Fringe returns on Friday January 21st after a brief winter hiatus. Usually, being relegated to the Friday Night Death Slot is cause for concern. After all, this is the very same graveyard populated with such notables as Firefly, Harsh Realm, The Sarah Connor Chronicles – and other ambitious genre shows that Fox put out to pasture. But, the crowded Thursday night lineups were doing Fringe no favors. In fact, I just read that 50% of Fringe’s viewership doesn’t even watch the show when it airs – instead opting for DVR.
It’s that sky-high DVR population that has kept this show on the air… and Fox’s president of programming was quoted this week as saying that if Fringe can merely keep the same viewership they get on Thursday nights, over on Friday night, that would be a huge increase in comparison to what normally airs on Fox at 9pm on Fridays. He cited the DVR numbers as gravy. Essentially, if they match their live viewership in their new slot (which means the same fans simply need to keep tuning in), then “they can run for years”.
By this point, all of the casual fans who popped in for a look-see have been chased away so those watching this show are truly invested. They’re hooked. They want to see where this thing leads. So, my guess is Fringe may be the first show since The X-Files to anchor that Friday night and live long. If you were ever interested in climbing aboard – Netflix those DVDs and catch up quickly. This is easily the best genre show on TV now and by the end of it, it may even best The X-Files in my book.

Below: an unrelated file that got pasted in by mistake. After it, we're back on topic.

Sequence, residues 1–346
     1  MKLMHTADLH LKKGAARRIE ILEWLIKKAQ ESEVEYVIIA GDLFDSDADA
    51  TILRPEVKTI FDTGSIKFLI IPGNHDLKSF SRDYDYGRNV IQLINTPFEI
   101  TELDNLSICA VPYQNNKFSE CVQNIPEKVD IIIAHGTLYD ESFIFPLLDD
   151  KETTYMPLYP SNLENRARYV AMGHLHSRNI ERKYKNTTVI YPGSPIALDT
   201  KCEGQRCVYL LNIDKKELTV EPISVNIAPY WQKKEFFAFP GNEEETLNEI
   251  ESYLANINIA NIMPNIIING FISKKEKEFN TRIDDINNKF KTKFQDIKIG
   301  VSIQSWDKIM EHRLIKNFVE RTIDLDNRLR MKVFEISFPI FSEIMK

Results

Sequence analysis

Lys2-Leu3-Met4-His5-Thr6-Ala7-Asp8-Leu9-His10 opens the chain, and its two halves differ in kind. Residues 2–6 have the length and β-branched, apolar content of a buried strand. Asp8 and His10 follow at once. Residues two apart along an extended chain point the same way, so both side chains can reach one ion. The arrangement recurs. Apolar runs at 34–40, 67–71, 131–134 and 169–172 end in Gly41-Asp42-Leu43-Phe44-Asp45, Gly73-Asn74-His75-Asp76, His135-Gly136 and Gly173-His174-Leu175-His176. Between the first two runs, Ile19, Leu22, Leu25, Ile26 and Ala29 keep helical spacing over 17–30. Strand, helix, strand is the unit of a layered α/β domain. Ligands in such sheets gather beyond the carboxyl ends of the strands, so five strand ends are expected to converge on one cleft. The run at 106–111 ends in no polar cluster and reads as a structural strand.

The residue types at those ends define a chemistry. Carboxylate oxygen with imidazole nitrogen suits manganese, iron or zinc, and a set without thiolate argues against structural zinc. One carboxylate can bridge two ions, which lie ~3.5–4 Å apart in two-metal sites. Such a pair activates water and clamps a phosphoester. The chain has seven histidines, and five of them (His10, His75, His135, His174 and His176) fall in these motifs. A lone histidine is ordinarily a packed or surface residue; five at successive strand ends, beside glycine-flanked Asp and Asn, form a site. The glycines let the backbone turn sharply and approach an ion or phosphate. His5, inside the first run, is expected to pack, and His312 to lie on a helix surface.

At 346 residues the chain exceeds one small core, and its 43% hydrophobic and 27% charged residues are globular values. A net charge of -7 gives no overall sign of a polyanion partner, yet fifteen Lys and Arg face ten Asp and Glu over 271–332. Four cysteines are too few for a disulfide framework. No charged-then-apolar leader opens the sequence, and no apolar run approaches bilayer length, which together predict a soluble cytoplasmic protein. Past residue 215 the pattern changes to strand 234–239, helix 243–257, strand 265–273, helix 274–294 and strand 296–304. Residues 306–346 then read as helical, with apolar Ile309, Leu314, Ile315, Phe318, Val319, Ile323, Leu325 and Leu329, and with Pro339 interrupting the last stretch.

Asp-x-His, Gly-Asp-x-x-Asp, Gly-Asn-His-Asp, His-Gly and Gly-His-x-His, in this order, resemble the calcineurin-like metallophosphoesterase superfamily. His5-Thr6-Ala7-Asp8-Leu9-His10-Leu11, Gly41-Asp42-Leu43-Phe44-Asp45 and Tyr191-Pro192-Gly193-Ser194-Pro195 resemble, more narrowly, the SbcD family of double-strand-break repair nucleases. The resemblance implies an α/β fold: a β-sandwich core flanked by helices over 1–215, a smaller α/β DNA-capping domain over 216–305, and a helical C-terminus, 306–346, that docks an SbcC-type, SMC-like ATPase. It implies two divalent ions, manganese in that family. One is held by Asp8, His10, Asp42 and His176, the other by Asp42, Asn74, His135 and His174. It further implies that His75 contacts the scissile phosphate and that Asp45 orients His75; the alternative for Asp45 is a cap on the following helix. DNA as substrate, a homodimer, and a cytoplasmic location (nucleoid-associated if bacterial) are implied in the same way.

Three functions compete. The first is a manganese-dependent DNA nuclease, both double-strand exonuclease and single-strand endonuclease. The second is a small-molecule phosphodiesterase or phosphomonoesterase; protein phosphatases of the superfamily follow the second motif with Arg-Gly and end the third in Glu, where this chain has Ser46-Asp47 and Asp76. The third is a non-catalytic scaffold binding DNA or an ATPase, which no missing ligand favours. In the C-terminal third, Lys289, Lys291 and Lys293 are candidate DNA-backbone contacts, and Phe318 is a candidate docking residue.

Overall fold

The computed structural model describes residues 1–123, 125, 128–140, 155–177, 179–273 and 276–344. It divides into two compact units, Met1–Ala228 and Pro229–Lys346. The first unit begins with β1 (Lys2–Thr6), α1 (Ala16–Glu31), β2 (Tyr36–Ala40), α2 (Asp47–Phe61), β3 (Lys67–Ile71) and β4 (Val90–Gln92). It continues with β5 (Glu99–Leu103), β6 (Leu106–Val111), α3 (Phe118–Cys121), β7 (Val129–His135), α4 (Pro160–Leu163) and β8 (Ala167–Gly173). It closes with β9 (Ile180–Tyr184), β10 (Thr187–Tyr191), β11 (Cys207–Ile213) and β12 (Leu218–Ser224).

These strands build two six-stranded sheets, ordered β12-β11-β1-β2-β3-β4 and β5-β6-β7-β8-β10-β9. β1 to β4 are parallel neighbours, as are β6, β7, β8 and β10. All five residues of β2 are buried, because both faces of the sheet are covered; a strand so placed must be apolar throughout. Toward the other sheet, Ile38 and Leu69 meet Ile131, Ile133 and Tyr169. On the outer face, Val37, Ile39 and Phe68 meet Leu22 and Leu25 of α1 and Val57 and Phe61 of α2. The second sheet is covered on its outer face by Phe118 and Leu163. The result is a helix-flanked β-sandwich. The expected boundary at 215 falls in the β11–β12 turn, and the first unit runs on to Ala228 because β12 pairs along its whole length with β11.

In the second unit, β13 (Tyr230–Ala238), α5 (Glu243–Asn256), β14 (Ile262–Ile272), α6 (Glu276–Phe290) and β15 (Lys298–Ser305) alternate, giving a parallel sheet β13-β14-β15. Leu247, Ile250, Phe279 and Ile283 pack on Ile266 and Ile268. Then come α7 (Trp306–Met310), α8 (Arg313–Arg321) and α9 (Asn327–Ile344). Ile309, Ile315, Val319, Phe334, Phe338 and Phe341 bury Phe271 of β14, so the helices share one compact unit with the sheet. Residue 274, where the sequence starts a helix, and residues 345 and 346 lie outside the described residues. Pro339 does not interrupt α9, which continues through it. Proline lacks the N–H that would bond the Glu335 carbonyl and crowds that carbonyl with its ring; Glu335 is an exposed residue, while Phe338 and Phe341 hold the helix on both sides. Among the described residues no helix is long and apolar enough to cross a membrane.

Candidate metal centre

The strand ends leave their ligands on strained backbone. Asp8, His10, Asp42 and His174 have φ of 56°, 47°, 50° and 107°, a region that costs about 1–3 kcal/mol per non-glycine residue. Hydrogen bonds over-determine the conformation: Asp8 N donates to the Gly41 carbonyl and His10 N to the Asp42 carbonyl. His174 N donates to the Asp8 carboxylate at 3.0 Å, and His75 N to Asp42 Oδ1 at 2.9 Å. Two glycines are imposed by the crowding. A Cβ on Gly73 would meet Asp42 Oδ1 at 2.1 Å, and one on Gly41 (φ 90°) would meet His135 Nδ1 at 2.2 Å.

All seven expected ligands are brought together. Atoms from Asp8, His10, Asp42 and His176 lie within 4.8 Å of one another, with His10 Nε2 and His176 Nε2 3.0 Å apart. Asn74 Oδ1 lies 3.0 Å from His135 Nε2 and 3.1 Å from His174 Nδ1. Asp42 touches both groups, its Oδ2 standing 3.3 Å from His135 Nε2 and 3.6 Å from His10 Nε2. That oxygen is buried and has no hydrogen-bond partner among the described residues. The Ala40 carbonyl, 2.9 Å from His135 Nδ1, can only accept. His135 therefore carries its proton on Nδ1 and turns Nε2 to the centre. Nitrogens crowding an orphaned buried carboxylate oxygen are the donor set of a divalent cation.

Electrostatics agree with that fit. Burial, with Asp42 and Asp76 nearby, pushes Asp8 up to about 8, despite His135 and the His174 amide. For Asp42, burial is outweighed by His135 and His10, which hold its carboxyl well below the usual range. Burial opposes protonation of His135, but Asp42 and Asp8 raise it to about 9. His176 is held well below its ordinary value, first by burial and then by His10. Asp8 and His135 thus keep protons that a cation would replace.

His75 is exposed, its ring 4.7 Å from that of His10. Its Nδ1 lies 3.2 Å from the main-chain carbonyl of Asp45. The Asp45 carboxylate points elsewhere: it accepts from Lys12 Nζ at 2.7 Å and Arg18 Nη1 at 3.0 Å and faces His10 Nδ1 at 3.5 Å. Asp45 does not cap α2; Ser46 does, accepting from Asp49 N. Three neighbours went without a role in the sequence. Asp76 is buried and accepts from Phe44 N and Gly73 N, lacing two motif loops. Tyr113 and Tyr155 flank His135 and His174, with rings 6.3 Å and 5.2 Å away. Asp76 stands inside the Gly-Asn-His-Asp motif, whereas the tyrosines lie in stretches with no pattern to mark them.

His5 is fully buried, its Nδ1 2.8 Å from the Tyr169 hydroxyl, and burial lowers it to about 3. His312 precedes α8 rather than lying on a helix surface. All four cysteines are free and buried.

And that’s strength of character, right there.
Continuing the theme of second chance viewing, I tried out Fox’s Human Target (Wednesdays at 9 pm) last year when it launched mid-season and never stuck with it. While it was a well-produced show anchored by some likeably leads, I thought Fox would pull the rug once the ratings never materialized. This is the same network that cancelled the critically acclaimed Lone Star after two episodes, after all.
During the summer, I decided to while away a few empty evenings by watching some reruns and I was hooked again. The news that it was coming back for a second mini-season (12 episodes) helped aid that decision.
And it’s one I’m glad I made.
Human Target appeals to me in the same way Fringe does. It succeeds where other shows don’t based on cast chemistry. Mark Valley, Chi McBride and Jackie Earl Halley just blend nicely; so for a show that first attracted my attention by spinning weekly one-hour action flicks, it ended up winning me as a viewer simply because I liked spending time with this trio of heroic rogues.
While watching the latest two-parter that saw our contrite assassin Chance staring down a cliffhanger, as he was shot out of the sky in South America, I made a connection. I was a huge fan of The A-Team back in the day and though I realized how ridiculous the plots were and I bristled at the fact that nobody ever got shot no matter how much ammo was expended – and there wasn’t a flaming chopper that intrepid stuntmen couldn’t climb out of to live and fight another day, that show succeeded based on strength of character. Murdock, B.A., Face and Hannibal were larger-than-life cartoons made real by the genuinely charismatic actors that essayed the roles; roles which were drawn to the strengths of the actors. Mr. T is no master thespian but he made one hell of a Bad Attitude Baracus.